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How do investors evaluate past entrepreneurial failure? Unpacking failure due to lack of skill versus bad luck


Academy of Management Journal


Strategy and Entrepreneurship

Authors / Editors

Zunino D;Dushnitsky G;van Praag M


Publication Year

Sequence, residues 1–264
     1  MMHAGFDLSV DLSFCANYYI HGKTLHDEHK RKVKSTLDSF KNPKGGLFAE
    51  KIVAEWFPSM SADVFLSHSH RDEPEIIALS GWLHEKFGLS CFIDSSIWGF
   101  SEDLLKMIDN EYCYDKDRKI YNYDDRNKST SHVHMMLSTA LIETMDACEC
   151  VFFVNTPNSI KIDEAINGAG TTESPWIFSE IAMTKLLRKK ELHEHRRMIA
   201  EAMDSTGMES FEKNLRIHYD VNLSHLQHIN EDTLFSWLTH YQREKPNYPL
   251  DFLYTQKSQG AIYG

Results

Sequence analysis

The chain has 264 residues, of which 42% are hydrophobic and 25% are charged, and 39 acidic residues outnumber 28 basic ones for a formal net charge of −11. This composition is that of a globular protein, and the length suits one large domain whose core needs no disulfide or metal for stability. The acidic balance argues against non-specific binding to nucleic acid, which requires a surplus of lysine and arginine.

In recent years, it has become easier than ever to launch entrepreneurial ventures due to digitization and the ensuing drop in the cost of computational power, distribution channels, and so on (Greenstein et al., 2013). The lower cost of entry has led to higher failure rates as more individuals pursue entrepreneurship (Klepper, 2015; Nanda & Rhodes-Korpf, 2014). Individuals now experiment with launching not one but multiple entrepreneurial ventures. Among those engaged in entrepreneurship, many have previously launched a venture and failed. This fact marks a qualitative change in entrepreneurship in general and has immediate implications for studying entrepreneurial resource acquisition in particular (Huang, 2018; Vissa, 2011). Hence, we ask: How do investors evaluate past entrepreneurial outcomes? Specifically, how do investors evaluate entrepreneurs who have previously experienced failure?

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